First look: Farm Boy Sugar Wharf
Farm Boy unveiled its latest store this week in downtown Toronto; it’s the fast-growing retailer’s 10th in the city and 47th location, overall.
At nearly 30,000-sq.-ft., the Sugar Wharf store, located on the second level of a newly constructed space at 100 Queens Quay East, is packed with fresh produce, ready-to-eat prepared foods and grocery items, many of which are the chain’s own brands – one of Farm Boy’s main points of differentiation.
“Our private label assortment has grown an average of 300 SKUs a year for the last five years,” said Josh Drache, Farm Boy’s vice-president of private label product development and restaurant operations, while taking Canadian Grocer on a personal tour of the store.
“We’re always referred to as Trader Joe’s of the North,” said Drache, referring to the U.S. grocer well-known for its private label items. “But we’re trying to make it so that Trader Joe’s is Farm Boy of the South.”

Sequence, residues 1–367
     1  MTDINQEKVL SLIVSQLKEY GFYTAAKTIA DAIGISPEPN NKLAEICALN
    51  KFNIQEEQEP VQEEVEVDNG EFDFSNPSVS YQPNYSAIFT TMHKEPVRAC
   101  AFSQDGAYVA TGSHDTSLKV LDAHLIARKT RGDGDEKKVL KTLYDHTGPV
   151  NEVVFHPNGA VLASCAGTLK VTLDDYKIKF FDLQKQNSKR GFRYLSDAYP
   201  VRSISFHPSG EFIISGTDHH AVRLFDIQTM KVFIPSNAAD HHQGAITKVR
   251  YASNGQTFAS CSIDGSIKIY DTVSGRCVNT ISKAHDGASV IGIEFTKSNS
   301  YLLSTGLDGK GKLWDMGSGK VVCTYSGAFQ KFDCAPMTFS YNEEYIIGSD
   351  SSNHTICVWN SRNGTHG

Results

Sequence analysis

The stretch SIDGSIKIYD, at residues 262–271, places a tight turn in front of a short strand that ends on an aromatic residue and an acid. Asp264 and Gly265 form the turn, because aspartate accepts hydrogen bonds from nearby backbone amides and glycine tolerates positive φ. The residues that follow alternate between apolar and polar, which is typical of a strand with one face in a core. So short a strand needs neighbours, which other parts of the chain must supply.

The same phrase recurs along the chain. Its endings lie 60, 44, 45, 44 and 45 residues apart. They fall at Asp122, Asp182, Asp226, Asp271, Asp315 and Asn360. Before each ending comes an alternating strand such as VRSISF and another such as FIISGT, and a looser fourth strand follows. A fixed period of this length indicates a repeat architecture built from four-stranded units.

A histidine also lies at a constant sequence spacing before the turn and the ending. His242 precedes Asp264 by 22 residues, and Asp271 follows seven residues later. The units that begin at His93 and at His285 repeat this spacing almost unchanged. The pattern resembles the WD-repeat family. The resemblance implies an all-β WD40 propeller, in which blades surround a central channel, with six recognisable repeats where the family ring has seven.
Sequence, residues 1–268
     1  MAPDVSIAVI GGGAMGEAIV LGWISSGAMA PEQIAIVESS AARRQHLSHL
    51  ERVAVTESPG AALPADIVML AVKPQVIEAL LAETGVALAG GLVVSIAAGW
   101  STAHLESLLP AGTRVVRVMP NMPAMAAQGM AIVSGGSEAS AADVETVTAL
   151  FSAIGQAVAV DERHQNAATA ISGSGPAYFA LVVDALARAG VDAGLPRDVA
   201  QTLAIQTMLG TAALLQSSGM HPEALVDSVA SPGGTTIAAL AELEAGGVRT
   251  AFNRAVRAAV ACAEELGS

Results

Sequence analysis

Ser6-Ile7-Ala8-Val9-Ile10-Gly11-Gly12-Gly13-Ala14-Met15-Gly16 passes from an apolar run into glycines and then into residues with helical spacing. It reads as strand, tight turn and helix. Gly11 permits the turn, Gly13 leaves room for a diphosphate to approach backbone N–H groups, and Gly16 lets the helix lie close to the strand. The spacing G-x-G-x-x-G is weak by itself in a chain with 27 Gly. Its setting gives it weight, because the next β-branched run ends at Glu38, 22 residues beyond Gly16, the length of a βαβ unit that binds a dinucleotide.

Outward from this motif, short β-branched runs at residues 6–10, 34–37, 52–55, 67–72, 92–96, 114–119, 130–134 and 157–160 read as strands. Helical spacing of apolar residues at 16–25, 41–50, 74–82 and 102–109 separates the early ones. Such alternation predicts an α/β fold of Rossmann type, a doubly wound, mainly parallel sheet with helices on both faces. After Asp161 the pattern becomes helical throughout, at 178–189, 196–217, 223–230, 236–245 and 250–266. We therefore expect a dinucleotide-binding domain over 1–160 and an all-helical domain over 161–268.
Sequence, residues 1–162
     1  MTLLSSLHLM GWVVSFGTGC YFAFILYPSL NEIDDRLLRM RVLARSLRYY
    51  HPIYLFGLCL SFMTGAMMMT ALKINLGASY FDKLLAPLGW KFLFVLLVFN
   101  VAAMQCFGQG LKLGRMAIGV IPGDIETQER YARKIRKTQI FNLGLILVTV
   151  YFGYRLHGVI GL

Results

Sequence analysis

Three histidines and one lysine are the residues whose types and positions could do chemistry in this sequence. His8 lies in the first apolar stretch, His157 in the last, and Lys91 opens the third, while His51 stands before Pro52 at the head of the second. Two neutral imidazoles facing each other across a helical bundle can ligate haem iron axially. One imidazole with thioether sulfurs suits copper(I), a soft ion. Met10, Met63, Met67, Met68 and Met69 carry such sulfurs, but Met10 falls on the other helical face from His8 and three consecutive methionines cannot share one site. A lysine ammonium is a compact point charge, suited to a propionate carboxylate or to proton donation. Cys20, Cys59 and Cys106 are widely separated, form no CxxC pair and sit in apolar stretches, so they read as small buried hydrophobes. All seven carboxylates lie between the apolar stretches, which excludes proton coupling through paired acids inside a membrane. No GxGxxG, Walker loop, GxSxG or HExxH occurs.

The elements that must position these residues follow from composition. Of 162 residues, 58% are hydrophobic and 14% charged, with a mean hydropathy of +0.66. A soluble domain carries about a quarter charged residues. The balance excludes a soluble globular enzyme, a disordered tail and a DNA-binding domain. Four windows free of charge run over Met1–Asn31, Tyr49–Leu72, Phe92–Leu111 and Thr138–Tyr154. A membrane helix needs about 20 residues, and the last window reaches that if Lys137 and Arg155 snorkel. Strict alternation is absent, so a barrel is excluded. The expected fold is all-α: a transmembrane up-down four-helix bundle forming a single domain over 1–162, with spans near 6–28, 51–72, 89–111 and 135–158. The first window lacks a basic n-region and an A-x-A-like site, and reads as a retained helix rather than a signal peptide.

Currently, Farm Boy boasts more than 1,800 private-label items that range from salad dressings (including the Lemon Garlic Dressing that, years ago, kicked-off the chain’s private-label journey) to coffee to frozen sweet potato fries, Fattoush chips, ice cream, dips, drinks, dim sum and more. Drache says the Sugar Wharf location has the largest grocery department of the company’s 47 stores and that 600 SKUs were added last minute to fill the store’s shelves.
Given the urban location of the new store, there’s also a robust prepared food offer to appeal to nearby condo dwellers and office workers that are seeking quick meals. “We did five or six new items for the hot bar today that are made right in the store,” said Drache, “We thought it would be fun for this store.” On this day, the hot bar is serving up personal-size pizzas, smash burgers, stir-fries, sandwiches and more.
Of course, produce is also front-and-centre at Farm Boy and customers are greeted by a giant citrus display as they enter the store. Other notable mentions in the meticulously maintained department include a Fair Trade banana display, a display of whole and cored pineapple and a wall of leafy greens. “It’s a very produce-forward company,” said Drache.
Take a look at the Sugar Wharf location: